Karen: I couldn't help but wonder, what island was Avedon? But I guess after the nuclear armageddon, land probably shifted, so it could be almost anywhere. I know, I really shouldn't waste my time on things like that. Anyway, the Robin Hood character was a hoot. I'd love to see somebody cosplay that!

Doug: You bring up a point that I've actually dwelt on in watching the newest trilogy of films, and that's geography. We know that Taylor and crew landed somewhere near what used to be New York City, yet in the current series it is set near the Pacific coast. How did the apes conquer the entire continent, and indeed the world? And how long did it take? Two thousand years seems barely long enough to get to the point of an Earth as we see it in Planet of the Apes. And to say "uncharted territory" in our context of Earth's geography would now most likely be untrue given our near-complete survey of our planet, yet in the Apes world of 3978 the Earth seems a blank slate for prospective authors to explore. Sentient brains, though? Is that goofier than coonskin cap-wearing Apes?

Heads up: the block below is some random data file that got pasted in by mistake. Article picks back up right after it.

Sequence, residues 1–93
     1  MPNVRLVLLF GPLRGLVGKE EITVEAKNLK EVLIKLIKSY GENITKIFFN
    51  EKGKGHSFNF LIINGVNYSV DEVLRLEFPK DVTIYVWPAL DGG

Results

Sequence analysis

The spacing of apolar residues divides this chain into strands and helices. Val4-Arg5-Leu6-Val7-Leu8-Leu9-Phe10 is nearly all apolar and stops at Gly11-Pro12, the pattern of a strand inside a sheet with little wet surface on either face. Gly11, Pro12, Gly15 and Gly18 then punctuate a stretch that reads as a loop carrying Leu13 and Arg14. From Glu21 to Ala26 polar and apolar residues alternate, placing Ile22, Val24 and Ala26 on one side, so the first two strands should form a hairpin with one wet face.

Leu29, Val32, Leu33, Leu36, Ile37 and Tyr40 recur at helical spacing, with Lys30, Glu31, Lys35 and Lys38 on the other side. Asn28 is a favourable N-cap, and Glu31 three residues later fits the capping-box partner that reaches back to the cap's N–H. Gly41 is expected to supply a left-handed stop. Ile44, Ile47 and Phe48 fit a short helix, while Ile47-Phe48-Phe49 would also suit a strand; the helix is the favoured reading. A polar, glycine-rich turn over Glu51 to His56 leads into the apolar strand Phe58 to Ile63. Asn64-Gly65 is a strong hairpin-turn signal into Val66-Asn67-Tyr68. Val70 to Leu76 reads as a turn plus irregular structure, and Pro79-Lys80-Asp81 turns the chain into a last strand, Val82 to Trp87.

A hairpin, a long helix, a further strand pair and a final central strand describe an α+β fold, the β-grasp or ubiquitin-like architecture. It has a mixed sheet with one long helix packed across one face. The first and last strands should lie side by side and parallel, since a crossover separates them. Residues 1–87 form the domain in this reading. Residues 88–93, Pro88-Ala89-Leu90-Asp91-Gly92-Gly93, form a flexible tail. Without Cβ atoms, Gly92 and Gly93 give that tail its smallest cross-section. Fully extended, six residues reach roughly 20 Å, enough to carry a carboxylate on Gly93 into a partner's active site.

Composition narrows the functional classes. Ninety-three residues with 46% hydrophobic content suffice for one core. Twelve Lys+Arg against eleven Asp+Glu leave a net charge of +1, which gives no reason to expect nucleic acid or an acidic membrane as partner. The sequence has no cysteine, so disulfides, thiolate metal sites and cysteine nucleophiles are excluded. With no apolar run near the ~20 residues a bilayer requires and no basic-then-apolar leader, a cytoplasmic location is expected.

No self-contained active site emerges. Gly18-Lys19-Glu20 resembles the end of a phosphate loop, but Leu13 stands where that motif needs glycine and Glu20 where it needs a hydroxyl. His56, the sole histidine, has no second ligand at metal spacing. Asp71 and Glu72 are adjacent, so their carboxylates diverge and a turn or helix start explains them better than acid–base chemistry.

Karen: Oh boy, I've long wondered where everything took place! And how the land was distorted by the nuclear war. I mean, some of it just doesn't make a lot of sense, but I bet someone (more than one someone) has a long and detailed essay and map that explains the whole thing.

Doug: I keep telling myself, "they're all make-believe stories", but you know how it goes...

Doug: One of our heroes' first encounters would be quite unsettling as General Zaynor gruffly introduced himself. What follows are pretty standard Apes-tropes. Zaynor is a stereotype of Ursus/Urko/Aldo, and the Dr. Cassius the boys seek is a stand-in for any of the chimp veterinarians we've met previously. The vivisection threat, talking humans scare, orangutans as defenders of the faith, and fugitives on the run all come into play. I don't want to say that from this point forward the story was not enjoyable - it was. And maybe this is how Moench felt he needed to reestablish Derek Zane in the thick of his search for Taylor & crew. But it became very predictable.